In their new book Share the Road: The Journey to Autistry, Janet Lawson and Dan Swearingen generously map out how they created a successful and thriving program that incorporates project-based learning and personal interest into learning needed life skills.
The term ‘profound autism’ is not particularly useful, as “many autistic people who do not have the characteristics the authors focus on have significant support needs, and support needs can be radically different across different domains, social contexts, and time.”
One of the positives of ChatGPT’s engaging with me on topics related to neurodiversity, access, activism, and autism is that I am giving GPT a chance to learn an Autistic perspective from an Autistic person.
If your workplace wants to successfully recruit autistic and neurodivergent job candidates, consider these insider tips on how to make the hiring process easier.
Asking for eye contact saps Ira Eidle’s energy. Trust him, he is engaged in a conversation even if he looks distracted.
There are dangers to assuming autistic people need routines, without understanding why. Routines imposed by other people are likely to do more harm than good.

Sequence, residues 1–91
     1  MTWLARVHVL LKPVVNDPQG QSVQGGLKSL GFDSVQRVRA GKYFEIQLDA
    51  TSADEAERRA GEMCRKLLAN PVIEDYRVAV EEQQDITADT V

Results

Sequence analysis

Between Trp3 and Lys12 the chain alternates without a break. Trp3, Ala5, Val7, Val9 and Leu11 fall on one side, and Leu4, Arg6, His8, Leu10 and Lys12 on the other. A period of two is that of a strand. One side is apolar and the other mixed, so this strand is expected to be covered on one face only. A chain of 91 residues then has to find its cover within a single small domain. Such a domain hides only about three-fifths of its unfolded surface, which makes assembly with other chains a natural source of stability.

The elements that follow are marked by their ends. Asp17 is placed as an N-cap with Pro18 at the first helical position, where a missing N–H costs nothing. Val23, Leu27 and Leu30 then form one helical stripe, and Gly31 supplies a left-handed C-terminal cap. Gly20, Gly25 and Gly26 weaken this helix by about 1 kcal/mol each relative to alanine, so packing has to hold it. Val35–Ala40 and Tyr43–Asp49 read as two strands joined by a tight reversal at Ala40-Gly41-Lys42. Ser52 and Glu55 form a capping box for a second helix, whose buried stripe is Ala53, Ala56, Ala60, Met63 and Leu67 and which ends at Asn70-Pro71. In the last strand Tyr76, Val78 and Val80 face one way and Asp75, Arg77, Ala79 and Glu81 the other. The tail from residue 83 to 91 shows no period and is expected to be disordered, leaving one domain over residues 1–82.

I would really appreciate it if people would listen to me carefully before they start treating me like a child. I am a capable and interesting person, with enough agency, preparation, and knowledge to contribute a lot to my relationship with them.
I guess there’s not many spaces where I feel safe to be myself without great repercussions. If I’m not dealing with racism, it’s homophobia, and if I’m not dealing with that it’s ableism.
Please do not get mad at me when I ask for clarification. I am not challenging you, I want to understand what you are trying to convey and because I have not learned to read minds (YET!).
I have trouble orienting myself in space, and simply telling me where something is isn’t particularly helpful. I would be able to find things and understand complex concepts easier if people used illustrations.